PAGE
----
January 5, 2021

Maternal care on the global stage and a closer look at hyponatraemia in the UK

As I was flicking through the pages of one of the latest issues of the British Medical Journal over my breakfast recently, I stumbled across an article comparing the quality of maternal healthcare across some of the richest countries in the world. I suppose it didn’t surprise me that, of these nations, the US was the most dangerous place to have a baby. However it did surprise me that the UK did not fare as well as I expected.

The study by the Commonwealth Fund reveals that in the US 17.4 women die in childbirth per 100,000 live births. In the UK the figure is 6.5.

The complete line up is as follows:

Country Maternal deaths per 100 000 live births
US 17.4
France 8.7
Canada 8.6
UK 6.5
Australia 4.8
Switzerland 4.6
Sweden 4.3
Germany 3.2
Netherlands 3
Norway 1.8
New Zealand 1.7

The BMJ article, ‘US lags behind other rich nations in maternal healthcare’ highlighted a number of factors that may contribute to the high mortality rate in the US, including:

  1. A lack of universal healthcare (a woman’s access to healthcare may vary enormously across different states and depending on her insurance);
  2. Less involvement by midwives (in the US the supply of midwives is so low that many women cannot find one); and
  3. Inadequate postpartum care (more than half of pregnancy related deaths in the US occur after delivery and yet the US is alone in not guaranteeing a least one visit by a nurse or midwife within a week of birth).

This article made me reflect on the situation in the UK, particularly following the introduction of the NHS Early Notification Scheme (ENS).

The Early Notification Scheme

The ENS is a national programme for the early reporting of babies born with a potential severe brain injury following delivery at term, with the ultimate aim of driving up the quality of maternal and neonatal care.

The most recent ENS progress report highlights a number of issues that regularly impact on maternal and neonatal outcomes, such as a delay in delivering babies showing heart rate abnormalities. But the report did reveal one emerging and unexpected theme: the surprising impact that hyponatraemia (low sodium) is having on mothers and babies alike.

What is Hyponatraemia?

Hyponatraemia describes low blood sodium levels which can occur when a person takes on more fluid of low sodium content than they can excrete, leading to dilution of the blood and a fall in sodium concentration.

Women in labour are particularly vulnerable to hyponatraemia and this is thought to be due to an impaired ability to excrete water in the third trimester; exposure to the anti-diuretic effect of the hormone oxytocin which is responsible for uterine contractions; and the administration of large volumes of fluids used to deliver drugs that are used in the induction of labour.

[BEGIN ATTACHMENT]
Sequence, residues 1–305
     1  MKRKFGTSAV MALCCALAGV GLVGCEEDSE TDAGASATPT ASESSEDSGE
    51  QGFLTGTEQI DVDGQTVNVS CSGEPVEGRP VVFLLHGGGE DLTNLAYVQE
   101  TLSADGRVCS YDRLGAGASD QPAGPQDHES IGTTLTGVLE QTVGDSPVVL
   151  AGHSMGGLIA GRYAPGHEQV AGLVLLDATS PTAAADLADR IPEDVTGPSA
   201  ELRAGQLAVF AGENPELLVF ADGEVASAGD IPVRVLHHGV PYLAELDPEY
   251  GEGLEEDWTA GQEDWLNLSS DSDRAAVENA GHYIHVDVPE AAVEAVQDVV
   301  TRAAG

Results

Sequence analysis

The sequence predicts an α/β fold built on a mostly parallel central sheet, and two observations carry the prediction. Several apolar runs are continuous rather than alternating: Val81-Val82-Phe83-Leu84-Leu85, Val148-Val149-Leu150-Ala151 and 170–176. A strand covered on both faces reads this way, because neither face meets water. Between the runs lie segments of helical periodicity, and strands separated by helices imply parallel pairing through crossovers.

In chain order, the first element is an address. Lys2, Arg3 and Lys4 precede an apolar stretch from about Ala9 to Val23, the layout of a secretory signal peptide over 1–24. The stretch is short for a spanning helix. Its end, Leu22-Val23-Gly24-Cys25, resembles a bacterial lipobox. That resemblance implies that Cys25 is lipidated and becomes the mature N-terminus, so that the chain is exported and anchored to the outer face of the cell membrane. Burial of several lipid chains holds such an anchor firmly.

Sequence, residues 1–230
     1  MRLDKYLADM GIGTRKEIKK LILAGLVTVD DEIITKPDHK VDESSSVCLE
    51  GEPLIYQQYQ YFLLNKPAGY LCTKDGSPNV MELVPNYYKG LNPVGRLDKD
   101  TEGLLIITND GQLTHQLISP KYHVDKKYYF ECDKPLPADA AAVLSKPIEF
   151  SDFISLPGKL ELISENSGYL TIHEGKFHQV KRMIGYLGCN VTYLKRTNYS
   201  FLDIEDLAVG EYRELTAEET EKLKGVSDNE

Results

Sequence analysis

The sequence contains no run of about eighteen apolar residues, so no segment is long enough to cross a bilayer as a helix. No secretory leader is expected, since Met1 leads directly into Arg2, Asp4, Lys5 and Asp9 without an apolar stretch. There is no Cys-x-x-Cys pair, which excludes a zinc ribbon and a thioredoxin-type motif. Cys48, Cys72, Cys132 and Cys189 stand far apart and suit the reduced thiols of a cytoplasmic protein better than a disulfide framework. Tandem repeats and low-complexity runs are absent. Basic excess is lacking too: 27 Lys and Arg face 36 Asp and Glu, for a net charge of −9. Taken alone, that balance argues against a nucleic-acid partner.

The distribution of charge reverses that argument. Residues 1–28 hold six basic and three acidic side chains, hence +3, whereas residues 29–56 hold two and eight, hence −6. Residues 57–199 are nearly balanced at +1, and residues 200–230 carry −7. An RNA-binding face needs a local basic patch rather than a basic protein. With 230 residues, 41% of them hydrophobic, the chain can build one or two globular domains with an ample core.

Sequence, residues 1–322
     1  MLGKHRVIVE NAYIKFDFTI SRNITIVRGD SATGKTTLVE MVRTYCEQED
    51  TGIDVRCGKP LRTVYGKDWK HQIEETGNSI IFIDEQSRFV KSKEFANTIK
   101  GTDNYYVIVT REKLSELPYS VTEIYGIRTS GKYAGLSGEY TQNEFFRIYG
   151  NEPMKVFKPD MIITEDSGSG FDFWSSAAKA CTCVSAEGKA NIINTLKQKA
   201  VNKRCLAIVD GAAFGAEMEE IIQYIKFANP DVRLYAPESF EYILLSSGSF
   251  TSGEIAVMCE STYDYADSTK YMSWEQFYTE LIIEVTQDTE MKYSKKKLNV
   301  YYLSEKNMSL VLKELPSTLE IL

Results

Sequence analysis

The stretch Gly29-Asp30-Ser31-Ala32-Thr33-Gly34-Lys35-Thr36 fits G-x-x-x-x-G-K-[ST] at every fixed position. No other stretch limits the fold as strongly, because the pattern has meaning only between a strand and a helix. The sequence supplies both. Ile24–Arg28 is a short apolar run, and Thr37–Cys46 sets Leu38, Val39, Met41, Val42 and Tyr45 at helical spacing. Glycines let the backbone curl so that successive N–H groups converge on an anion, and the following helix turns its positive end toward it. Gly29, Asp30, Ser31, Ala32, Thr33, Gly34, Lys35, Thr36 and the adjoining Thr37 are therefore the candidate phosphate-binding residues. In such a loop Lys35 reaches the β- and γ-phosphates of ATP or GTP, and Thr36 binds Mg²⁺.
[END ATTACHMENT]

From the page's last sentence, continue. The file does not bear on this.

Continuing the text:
Hyponatraemia in a mother can cause hyponatraemia in her unborn baby, severe cases of which can result in swelling of the brain with life-threatening consequences.

The ENS report highlights a dearth of research and national guidance in the area of hyponatraemia.

Northern Ireland – ahead of the curve

One region that seems to be ahead of the rest of the UK in the management of hyponatraemia is Northern Ireland, where the Regulation and Quality Improvement Authority (RQIA) published guidance on managing hyponatraemia in labour back in March 2017. The ENS report highlights that this guidance is useful for birth settings elsewhere in the UK.

How should hyponatraemia be managed?

According to the RQIA guidelines, the early signs and symptoms of hyponatraemia include nausea, lethargy and headache. It strikes me that these are relatively non specific – I imagine many women experience these symptoms in labour. More advanced signs include feelings of disorientation, slower reflexes, and in more extreme cases seizures and coma.

The management of hyponatremia is centred on careful and diligent fluid monitoring; the simple measurement of what goes in and what comes out. The guidelines state that women should have their oral intake recorded at least four hourly and should be encouraged to urinate two to four times hourly. Urine output should also be measured.

For women who are at greater risk of developing hyponatraemia, sodium monitoring is also crucial. Women with low sodium levels should have their fluid levels restricted and birth should be expedited. In women with severe symptoms of hyponatraemia, salty fluid should be administered intravenously.

Are cases of hyponatraemia on the rise?

It would appear from the ENS report that cases of hyponatraemia are increasing although it is not known whether this is actually the case, or whether hyponatraemia has just been under-recognised for a while.

One factor that may be influencing a possible increase in cases is thought to include the impact of ‘healthy living’ and the promotion of drinking plenty of water.

Whether cases of hyponatraemia are on the rise or not, one thing that is certain in the report is that further research is required to understand the cause of hyponatraemia and develop clearer guidelines for the management of this potentially life threatening condition.

Our experience of hyponatraemia

At RWK Goodman, we work with children who have suffered from a brain injury around the time of their birth. For many of these children, conditions such as hyponatraemia have complicated their first few days of life. It saddens me to think that cases of hyponatraemia are on the rise in the UK but I am encouraged by the determination of the ENS to promote research and develop guidance on this condition.

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